Teachers College, Columbia University
The Mixed Methods Blog
The Mixed Methods Blog

Make Your Voice Heard For More Actionable, Equity-Focused Dual Enrollment Data

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Each year, more than one million high school students take college courses through dual enrollment partnerships between high schools and colleges. The programs, most often facilitated through community colleges, yield substantial benefits for participants in and beyond high school.

Over the past decade, high school dual enrollment students have accounted for a growing share of the community college population, as the number of older students—particularly those 25 and older—has declined. We estimate that in fall 2019, high school students accounted for 16% of community college enrollment nationally and nearly 40% of community college enrollment in some states. Yet these estimates are just that—our best guesses based on student age.

Currently, the federal Integrated Postsecondary Education Data System (IPEDS) does not collect information on how many high school students are actually dual enrolled at postsecondary institutions, despite the size and significance of this population for many colleges and research identifying widespread equity gaps in access.

But this could change. The Department of Education is considering adjustments to IPEDS to better clarify and capture data on dual enrollment, including a proposal to collect additional information on participation in dual enrollment disaggregated by student race/ethnicity and gender. If you want better national dual enrollment data, I encourage you to write to ipedsTRPcomment@rti.org to share your comments and perspective before the public comment period ends on August 6.

 

Current Data on Dual Enrollment

The Department of Education has occasionally surveyed postsecondary institutions or students about dual enrollment, but the most recent reporting is nearly 10 years old and does not include college or state-level information. Additionally, though it’s limited to K-12 schools and districts, the Civil Rights Data Collection (CRDC) recently made disaggregated dual enrollment data publicly available for the first time. The data have provided important insights into access to dual enrollment. Our recent analysis of the CRDC data found substantial differences across states and school districts in participation in dual enrollment. It also revealed that, although racial equity gaps in access to dual enrollment coursework are widespread, about 1 in 5 districts have equalized access to dual enrollment.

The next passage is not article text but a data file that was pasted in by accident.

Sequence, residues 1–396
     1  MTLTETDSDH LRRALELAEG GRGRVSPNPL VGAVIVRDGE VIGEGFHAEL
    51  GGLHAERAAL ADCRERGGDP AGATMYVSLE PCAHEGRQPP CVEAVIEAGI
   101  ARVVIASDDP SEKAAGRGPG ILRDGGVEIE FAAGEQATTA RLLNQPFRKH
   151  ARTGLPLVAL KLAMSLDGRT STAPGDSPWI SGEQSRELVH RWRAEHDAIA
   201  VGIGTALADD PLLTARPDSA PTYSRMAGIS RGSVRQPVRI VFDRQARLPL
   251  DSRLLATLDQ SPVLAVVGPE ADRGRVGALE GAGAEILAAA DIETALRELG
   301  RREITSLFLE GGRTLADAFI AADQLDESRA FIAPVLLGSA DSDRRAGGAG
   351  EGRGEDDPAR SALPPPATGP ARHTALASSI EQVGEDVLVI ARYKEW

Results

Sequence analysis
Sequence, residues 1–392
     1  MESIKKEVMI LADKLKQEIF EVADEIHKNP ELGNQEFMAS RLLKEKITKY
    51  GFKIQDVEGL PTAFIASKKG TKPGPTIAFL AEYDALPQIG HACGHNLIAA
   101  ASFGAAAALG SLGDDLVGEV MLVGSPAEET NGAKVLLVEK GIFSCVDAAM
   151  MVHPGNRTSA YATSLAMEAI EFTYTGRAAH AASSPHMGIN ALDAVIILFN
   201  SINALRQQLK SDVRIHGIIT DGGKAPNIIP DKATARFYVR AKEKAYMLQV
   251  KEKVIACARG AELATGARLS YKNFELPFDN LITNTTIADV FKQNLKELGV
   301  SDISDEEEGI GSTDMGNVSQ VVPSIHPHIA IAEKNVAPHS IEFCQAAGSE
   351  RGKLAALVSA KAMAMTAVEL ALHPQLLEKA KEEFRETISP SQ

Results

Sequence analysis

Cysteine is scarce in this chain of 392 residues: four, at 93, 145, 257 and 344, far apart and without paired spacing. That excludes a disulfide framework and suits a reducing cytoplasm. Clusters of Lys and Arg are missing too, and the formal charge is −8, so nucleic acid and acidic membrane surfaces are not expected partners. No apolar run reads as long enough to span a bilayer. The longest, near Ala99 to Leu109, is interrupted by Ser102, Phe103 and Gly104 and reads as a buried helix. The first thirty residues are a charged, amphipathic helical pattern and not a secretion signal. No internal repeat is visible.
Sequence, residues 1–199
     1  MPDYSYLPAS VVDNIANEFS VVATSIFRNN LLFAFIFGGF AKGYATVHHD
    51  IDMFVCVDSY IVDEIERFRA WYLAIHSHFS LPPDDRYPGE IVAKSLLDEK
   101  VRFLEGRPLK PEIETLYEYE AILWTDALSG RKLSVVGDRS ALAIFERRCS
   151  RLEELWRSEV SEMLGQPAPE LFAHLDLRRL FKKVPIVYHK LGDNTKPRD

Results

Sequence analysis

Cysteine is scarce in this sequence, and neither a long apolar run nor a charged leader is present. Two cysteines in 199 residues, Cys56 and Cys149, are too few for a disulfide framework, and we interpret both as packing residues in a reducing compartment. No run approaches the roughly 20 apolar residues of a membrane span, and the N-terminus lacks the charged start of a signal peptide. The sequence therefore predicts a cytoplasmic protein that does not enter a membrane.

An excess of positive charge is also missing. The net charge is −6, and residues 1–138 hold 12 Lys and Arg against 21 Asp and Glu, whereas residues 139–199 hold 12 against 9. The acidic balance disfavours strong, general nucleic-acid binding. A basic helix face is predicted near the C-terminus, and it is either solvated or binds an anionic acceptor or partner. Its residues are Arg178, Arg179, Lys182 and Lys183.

Disaggregated participation data from the CRDC have already proven valuable for research-based guidance and policy recommendations for reforms to advance equity. However, dual enrollment is a joint endeavor between the K-12 and postsecondary sectors, and the CRDC data indicate where a student attends high school, but not the college at which they are dually enrolled. There is no national source of data to examine equity in access to dual enrollment at the college level—at least not yet.

Proposed Changes to Dual Enrollment Data Collection

The proposed revision to IPEDS could fill the gap in federal data collection on college enrollments of dual enrollment students. After a Technical Review Panel explored potential ways to update its data collection, the Education Department is considering a number of changes to better collect data on dual enrollment students. With any change to IPEDS, it is important to weigh the additional reporting burden required against the value of the new data to educational leaders, policymakers, and researchers. These discussions, as well as a set of potential changes to improve reporting on enrollments, human resources, and completions, are summarized in a memo detailing the panel discussions.

The panel, which I served on, recommended a number of improvements to IPEDS to better capture data on dual enrollment students. In my view, the proposal to add counts of dual enrollment participants to the IPEDS enrollment surveys, disaggregated by race/ethnicity and gender, must be adopted. Although collecting disaggregated counts of dual enrollment participants would add to the reporting burden, these disaggregated data are critically needed to monitor and hold institutions accountable for severe inequities in access to dual enrollment coursework, as well as to identify and study institutions that have successfully closed equity gaps in access. And, to minimize the burden, IPEDS could limit these changes to the 12-month enrollment survey (not the fall enrollment survey) as annual headcounts present a more comprehensive enrollment picture, particularly for community colleges.

If you agree that we need more and better data on dual enrollment—with a particular focus on data that would enable accountability for equity and research on how colleges can expand and equalize access to dual enrollment for students of color and other underrepresented groups—I strongly encourage you to read more about the Technical Review Panel and email your comments to ipedsTRPcomment@rti.org by August 6.

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